It is encouraging to see people taking more time and energy to do something that could have a huge impact – aligning their purchasing decisions with their values. To some degree this has been the case for a few generations, such as the Buy American/Canadian movement that promotes purchasing items made in our country to keep alive local companies. So what has changed? Well, quite a bit actually.
We Think More About Energy Consumption
We used to be excited about how we could eat fresh fruit in the dead of Winter. I remember all the canning my mother did in summer and how thrilling it was to have canned peaches or cherries from our cherry tree in those cold January nights. Now we can walk into any major grocery chain and buy ripe pineapples, mangos and other tropical fruits. But we’re realizing the price of shipping and the associated carbon footprint that we are supporting by buying fruit that is shipped over vast distances.
We Think More About Corporate Values
“Voting with our wallets” is a common phrase now and it gets at two key ideas – companies will respond to consumer dissatisfaction and consumers can punish bad corporate policies by impacting their revenues. This is amplified by many companies using social media, especially Twitter, as a venue to interact with customers.
We want to know more about companies so that we ensure that we are supporting a business that aligns with our values. Do they pay their workers a fair wage? Are they using their size as leverage to underpay their suppliers? Are they using organic or natural materials so that I can be sure my baby is safe from potentially dangerous chemicals?
We Think More About Where We Get Our Food
There is a big push for restaurants to serve meals that include local produce or meat and local food buying clubs are springing up to purchase from local farmers. The potential benefits of this are beyond the economic and I think really center around education. Do you know where your Big Box Store meat comes from? Not likely. Do you know the name of the person that made your Big Box Store honey? Not likely. But imagine if you did know that information! Think about how your family would appreciate the wonderful and sometimes unpredictable aspects of growing and harvesting food. There could be some very educational conversations around the table about why the chicken from the farm down that gravel road has smaller chickens, but better tasting, than what you get from the Big Box Store. Or why the carrots are not all perfectly long and the same length. And why can’t we buy as many peaches this year after that big hail storm?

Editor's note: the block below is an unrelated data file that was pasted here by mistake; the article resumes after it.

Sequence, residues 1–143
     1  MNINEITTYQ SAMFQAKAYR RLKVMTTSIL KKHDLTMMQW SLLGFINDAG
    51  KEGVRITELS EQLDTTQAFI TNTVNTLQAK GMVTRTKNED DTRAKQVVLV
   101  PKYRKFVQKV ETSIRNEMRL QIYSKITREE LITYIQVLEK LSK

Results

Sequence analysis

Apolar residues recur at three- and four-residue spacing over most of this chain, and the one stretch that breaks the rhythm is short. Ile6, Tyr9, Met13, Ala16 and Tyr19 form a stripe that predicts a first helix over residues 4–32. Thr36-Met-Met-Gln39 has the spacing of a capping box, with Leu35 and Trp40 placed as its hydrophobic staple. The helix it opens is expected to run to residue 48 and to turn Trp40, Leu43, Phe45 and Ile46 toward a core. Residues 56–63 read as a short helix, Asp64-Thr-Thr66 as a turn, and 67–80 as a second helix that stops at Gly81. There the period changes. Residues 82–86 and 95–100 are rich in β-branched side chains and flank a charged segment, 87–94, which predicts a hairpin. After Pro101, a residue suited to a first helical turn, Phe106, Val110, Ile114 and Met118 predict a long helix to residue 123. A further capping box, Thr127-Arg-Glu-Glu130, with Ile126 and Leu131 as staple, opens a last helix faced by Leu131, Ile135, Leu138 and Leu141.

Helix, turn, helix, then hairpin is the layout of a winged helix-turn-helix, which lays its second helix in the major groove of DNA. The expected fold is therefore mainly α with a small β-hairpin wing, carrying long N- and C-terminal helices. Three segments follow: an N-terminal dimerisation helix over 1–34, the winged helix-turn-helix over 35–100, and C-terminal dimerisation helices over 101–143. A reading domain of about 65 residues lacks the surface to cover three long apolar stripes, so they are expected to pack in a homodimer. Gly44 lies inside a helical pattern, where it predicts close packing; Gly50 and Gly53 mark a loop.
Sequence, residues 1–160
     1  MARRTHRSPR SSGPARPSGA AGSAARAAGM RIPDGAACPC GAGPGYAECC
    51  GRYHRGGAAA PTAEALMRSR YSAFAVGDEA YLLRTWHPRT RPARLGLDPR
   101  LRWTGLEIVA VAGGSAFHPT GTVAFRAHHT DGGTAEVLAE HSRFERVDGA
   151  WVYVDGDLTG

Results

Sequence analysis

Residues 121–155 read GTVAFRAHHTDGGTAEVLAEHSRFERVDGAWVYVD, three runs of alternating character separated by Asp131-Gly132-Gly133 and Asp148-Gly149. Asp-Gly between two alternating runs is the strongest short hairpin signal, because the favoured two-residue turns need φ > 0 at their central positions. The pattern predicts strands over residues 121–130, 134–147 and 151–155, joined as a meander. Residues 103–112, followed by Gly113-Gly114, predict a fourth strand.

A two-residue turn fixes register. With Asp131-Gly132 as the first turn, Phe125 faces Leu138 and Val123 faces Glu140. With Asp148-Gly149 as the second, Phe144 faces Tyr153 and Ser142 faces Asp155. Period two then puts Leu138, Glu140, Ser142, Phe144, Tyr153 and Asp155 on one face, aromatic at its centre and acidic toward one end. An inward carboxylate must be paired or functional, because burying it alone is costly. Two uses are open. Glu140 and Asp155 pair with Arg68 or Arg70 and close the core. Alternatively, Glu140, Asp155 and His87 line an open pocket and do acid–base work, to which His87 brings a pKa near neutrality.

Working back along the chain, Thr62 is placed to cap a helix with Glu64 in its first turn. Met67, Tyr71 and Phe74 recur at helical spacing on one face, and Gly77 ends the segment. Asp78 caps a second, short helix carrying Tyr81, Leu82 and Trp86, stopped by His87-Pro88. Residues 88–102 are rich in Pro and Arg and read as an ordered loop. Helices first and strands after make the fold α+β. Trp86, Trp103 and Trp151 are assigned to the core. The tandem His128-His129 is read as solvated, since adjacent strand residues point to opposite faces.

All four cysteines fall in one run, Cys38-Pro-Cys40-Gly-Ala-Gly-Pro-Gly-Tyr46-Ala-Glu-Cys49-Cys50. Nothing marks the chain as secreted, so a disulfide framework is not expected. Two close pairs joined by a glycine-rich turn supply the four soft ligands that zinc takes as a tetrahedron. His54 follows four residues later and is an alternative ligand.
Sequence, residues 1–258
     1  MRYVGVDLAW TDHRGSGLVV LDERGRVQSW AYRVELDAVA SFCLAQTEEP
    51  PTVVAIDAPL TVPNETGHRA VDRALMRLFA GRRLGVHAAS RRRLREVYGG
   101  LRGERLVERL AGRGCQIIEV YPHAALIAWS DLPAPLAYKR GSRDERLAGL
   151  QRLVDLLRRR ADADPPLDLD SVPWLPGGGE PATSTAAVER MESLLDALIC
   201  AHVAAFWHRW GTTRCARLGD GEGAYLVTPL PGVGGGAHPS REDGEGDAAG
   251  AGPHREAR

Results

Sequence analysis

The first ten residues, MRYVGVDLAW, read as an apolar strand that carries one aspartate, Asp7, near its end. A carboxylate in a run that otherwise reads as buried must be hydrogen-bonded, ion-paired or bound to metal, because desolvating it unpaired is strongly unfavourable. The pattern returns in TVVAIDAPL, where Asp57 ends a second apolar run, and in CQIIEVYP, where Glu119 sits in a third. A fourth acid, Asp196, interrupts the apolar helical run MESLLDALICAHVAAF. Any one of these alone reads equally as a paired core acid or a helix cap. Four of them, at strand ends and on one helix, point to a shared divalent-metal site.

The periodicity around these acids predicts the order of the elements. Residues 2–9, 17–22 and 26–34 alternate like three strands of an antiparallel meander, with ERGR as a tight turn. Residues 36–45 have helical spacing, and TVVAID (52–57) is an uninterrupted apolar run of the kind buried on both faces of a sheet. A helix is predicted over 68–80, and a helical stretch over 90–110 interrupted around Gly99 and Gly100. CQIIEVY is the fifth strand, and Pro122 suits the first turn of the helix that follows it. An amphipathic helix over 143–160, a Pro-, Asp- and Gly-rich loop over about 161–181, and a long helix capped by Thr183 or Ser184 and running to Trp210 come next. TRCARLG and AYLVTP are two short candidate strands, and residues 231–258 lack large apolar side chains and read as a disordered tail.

We Think More About Garbage
Our attitudes about garbage and packaging can differ depending on where we live. The reality is that different countries and even regions with countries vary in how actively they are attempting to divert and reduce garbage. Regardless of those differences, we can all make conscious decisions to buy items that have minimal packaging and look at how much of it is from recycled materials. It may take a bit more effort to remember to bring along your own shopping bags and it will cost more money to buy heirloom-quality baby gifts. But the effort is worth it for the sake of future generations and for the sake of taking responsibility for how we personally are harming nature.
We Think More About Advertising
My oldest daughter, at the age of 8, has already learned in school and at home about how advertising works. She knows that she needs to think about what companies are telling her and evaluate their claims, not taking them at face value. The more we can think critically about advertising the more we can understand how much of our purchasing decisions are based on what the companies have pitched to us. Sometimes what we see in ads that portray a happy consumer is like a veneer – peel off that shiny top layer and you’ll find underneath it nothing different, unique or long lasting.
A lot of these elements feed into the philosophy behind My Lil’ Bean and give us pause when making decisions about our baby basket suppliers. We hope that conscious consumers like yourselves will push businesses to the point where it makes good business sense to do the right thing.